• Why microservices are a security issue
    And why is that? Well, for those of us with a systems security bent, the world is an interesting place at the moment. We're seeing a growth in distributed systems, as bandwidth is cheap and latency low. Add to this the ease of deploying to the cloud, and more architects are beginning to realise that they can break up applications, not just into multiple layers, but also into multiple components within the layer. Load balancers, of course, help with this when the various components in a layer are performing the same job, but the ability to expose different services as small components has led to a growth in the design, implementation, and deployment of microservices.

Lumina 1.4 Desktop Environment Debuts with New Theme Engine and ZFS Integrations

Lumina 1.4.0 is a major release that introduces several new core components, such as the Lumina Theme Engine to provide enhanced theming capabilities for the desktop environment and apps written in the Qt 5 application framework. The Lumina Theme Engine comes with a configuration utility and makes the previous desktop theme system obsolete, though it's possible to migrate your current settings to the new engine. "The backend of this engine is a standardized theme plugin for the Qt5 toolkit, so that all Qt5 applications will now present a unified appearance (if the application does not enforce a specific appearance/theme of it’s own)," said the developer in today's announcement. "Users of the Lumina desktop will automatically have this plugin enabled: no special action is required." Read more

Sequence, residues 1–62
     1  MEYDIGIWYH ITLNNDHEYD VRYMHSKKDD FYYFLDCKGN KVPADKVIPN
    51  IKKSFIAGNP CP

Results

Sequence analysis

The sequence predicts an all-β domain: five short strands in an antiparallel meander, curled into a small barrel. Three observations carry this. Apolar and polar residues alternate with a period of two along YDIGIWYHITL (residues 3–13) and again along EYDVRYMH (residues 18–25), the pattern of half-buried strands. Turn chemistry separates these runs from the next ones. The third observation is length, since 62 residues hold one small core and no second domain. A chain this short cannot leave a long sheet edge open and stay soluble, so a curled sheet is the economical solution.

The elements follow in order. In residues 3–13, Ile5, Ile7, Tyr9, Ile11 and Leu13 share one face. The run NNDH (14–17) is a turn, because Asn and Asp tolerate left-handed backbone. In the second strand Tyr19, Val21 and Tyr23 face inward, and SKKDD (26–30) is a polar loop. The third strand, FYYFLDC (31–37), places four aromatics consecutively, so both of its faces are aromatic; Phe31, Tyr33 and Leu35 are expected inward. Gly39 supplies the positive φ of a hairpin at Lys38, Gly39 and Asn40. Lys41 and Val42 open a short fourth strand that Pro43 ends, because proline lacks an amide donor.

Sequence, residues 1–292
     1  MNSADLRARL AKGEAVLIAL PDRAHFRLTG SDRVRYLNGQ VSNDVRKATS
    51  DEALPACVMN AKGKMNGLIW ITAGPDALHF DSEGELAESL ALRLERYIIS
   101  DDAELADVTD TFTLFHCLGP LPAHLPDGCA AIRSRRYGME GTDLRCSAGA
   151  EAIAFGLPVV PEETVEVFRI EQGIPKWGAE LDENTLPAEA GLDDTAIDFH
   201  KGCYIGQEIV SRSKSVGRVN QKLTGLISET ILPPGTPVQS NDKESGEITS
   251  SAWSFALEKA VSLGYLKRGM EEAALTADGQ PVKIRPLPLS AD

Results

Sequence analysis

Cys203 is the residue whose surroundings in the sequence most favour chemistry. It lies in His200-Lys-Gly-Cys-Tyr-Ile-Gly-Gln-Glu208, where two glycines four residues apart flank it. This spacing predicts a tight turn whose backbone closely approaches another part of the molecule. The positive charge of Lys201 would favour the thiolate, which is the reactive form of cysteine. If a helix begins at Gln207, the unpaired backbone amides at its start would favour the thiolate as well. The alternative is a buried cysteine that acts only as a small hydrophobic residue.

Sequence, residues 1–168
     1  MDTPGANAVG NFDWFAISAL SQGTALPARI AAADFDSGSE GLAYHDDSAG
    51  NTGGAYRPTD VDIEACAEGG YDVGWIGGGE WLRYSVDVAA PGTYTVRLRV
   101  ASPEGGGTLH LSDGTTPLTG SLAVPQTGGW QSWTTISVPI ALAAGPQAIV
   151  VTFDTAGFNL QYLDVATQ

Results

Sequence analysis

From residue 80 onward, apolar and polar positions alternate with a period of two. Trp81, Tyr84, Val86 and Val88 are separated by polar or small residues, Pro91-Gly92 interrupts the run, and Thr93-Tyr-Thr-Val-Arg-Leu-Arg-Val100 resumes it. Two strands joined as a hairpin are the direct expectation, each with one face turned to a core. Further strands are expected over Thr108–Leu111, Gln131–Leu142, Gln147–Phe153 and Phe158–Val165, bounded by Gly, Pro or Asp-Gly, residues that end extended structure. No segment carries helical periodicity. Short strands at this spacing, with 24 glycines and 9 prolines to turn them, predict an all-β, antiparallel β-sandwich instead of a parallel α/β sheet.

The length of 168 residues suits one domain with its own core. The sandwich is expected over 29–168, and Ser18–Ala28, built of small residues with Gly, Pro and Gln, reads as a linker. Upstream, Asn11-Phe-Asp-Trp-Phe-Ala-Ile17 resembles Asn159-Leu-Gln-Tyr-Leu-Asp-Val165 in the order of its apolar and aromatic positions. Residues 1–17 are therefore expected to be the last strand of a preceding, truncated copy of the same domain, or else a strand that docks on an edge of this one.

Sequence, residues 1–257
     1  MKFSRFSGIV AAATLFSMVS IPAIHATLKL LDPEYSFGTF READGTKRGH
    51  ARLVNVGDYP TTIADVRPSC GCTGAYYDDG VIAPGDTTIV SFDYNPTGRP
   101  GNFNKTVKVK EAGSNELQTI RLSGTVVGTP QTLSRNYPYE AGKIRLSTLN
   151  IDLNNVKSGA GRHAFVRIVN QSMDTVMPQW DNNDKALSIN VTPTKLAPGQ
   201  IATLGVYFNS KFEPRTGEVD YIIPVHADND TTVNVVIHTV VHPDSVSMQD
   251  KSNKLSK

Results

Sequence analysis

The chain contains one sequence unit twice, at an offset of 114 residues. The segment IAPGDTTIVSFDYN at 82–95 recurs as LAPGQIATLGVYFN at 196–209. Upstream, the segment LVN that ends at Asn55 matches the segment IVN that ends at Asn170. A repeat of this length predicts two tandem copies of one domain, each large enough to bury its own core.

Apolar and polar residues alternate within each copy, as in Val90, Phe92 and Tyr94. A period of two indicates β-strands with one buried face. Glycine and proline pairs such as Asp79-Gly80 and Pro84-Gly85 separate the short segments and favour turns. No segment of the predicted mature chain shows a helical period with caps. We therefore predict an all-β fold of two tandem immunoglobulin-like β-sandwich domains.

today's leftovers

  • qBittorrent 4.0 Is a Massive Update of the Open-Source BitTorrent Client
    qBittorrent, the open-source and cross-platform BitTorrent client written in Qt for GNU/Linux, macOS, and Windows systems, has been updated to version 4.0, a major release adding numerous new features and improvements. qBittorrent 4.0 is the first release of the application to drop OS/2 support, as well as support for the old Qt 4 framework as Qt 5.5.1 or later is now required to run it on all supported platforms. It also brings a new logo and a new SVG-based icon theme can be easily scaled. Lots of other cosmetic changes are present in this release, and the WebGUI received multiple enhancements.
  • FFmpeg Continues Working Its "NVDEC" NVIDIA Video Decoding Into Shape
    Earlier this month the FFmpeg project landed its initial NVDEC NVIDIA video decoding support after already supporting NVENC for video encoding. These new NVIDIA APIs for encode/decode are part of the company's Video Codec SDK with CUDA and is the successor to the long-used VDPAU video decoding on NVIDIA Linux boxes. That NVDEC support has continued getting into shape.